Of course, adaptation action must go hand in hand with reducing emissions.

We remain resolutely committed to the Paris Agreement and are on track to meet and beat our 2030 target. Our emissions have fallen faster than many other advanced economies and almost twice as much as the OECD average.

Australians are also adopting renewables at record levels. On a per person basis, Australia is building new wind and solar at ten times the global average and four times faster than Europe. Almost one in four Australian homes now have solar—the highest uptake in the world—and we expect renewables will contribute at least 50 per cent of our electricity by 2030.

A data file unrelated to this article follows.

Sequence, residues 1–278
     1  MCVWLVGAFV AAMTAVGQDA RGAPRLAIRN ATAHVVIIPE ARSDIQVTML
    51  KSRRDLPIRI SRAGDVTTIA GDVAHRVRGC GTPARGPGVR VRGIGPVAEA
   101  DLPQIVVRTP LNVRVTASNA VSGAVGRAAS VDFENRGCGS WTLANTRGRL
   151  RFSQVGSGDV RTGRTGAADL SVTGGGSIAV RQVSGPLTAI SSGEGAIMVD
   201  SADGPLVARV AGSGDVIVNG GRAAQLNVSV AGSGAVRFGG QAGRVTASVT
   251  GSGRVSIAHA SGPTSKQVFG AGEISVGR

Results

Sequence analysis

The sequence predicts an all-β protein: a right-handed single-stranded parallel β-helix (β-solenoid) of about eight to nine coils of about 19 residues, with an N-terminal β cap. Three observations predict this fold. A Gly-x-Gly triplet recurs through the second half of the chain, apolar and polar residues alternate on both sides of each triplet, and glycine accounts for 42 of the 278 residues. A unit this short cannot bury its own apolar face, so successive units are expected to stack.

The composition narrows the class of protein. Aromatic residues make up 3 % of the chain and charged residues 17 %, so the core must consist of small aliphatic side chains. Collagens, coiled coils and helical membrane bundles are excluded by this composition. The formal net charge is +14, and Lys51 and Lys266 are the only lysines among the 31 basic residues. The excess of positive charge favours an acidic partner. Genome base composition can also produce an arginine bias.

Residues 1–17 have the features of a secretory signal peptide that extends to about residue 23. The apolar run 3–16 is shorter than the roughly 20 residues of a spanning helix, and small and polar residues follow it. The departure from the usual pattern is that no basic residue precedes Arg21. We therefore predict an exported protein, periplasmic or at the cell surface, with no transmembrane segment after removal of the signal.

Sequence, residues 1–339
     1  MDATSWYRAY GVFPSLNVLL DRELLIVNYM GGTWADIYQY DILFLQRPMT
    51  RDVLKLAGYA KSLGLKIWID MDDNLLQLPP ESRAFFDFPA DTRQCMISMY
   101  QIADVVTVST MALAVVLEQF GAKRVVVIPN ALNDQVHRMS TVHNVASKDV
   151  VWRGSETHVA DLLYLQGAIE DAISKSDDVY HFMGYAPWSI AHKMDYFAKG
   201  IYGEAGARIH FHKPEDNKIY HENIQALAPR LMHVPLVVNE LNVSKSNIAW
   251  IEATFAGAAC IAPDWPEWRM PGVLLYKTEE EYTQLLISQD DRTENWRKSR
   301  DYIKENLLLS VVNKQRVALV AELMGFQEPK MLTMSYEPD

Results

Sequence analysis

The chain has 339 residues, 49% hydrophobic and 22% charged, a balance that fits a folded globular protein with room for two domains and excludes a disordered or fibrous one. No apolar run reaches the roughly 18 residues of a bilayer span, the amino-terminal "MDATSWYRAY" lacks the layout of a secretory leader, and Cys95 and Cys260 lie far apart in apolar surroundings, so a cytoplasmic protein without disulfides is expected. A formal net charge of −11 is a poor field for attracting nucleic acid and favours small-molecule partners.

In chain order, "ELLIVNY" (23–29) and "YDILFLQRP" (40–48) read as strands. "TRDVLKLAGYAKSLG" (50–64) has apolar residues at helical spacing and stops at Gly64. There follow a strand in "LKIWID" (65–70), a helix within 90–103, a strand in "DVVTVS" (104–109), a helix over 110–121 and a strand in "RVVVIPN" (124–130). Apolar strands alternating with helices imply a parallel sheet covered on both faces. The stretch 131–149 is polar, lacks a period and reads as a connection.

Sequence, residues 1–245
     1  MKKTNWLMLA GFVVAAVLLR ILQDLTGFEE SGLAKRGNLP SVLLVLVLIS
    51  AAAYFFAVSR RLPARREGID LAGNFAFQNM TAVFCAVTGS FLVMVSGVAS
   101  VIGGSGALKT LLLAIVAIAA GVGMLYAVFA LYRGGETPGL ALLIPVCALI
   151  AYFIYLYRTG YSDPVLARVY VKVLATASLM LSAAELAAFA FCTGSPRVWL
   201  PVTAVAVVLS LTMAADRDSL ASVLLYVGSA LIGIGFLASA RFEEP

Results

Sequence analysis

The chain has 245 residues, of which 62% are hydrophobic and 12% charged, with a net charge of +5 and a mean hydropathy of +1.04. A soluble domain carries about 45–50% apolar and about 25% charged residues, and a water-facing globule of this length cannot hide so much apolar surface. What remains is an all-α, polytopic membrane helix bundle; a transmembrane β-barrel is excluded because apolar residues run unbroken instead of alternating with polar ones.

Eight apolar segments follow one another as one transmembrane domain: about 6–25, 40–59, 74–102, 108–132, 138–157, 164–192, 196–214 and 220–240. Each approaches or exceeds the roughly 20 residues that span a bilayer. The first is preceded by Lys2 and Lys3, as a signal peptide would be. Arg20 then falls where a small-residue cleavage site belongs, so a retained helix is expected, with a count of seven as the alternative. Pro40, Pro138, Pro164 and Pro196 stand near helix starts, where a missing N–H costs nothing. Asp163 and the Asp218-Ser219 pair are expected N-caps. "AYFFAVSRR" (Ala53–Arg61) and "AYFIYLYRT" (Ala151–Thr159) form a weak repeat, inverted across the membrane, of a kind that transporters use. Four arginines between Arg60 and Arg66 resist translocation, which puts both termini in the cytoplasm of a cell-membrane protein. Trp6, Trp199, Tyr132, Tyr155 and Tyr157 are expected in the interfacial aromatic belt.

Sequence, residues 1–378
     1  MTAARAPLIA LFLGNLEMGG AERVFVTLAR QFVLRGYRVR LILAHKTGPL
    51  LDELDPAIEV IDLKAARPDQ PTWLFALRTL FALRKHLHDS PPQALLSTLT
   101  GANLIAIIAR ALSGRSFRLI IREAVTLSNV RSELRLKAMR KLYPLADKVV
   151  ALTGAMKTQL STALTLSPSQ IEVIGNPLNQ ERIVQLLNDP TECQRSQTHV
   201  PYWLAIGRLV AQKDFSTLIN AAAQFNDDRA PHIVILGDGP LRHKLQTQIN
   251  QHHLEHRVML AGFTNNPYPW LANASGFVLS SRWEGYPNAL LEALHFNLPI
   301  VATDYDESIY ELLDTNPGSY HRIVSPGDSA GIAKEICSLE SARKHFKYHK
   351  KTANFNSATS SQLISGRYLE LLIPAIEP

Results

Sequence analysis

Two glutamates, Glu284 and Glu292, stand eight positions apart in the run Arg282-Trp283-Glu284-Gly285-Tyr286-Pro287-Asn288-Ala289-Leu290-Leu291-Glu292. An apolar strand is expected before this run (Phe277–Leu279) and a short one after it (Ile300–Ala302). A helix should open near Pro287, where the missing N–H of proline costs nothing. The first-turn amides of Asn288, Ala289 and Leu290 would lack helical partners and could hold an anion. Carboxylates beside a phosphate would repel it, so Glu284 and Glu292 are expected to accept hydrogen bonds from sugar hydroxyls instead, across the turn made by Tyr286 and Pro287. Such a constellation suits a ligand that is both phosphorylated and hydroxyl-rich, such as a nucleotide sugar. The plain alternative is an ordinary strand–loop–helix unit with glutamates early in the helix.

Whether in responding to the COVID-19 pandemic, or tackling the ongoing challenge posed by climate change, we need to embrace innovation and strengthen global partnerships.

Our scientists tell us that, even with the most ambitious global emissions reductions, we will still need to adapt to changes in our climate over coming decades. Practical actions that help us adapt to those changes and strengthen the resilience of our local environments are critical.


Source:  Australian High Commission on the Vanuatu Daily Post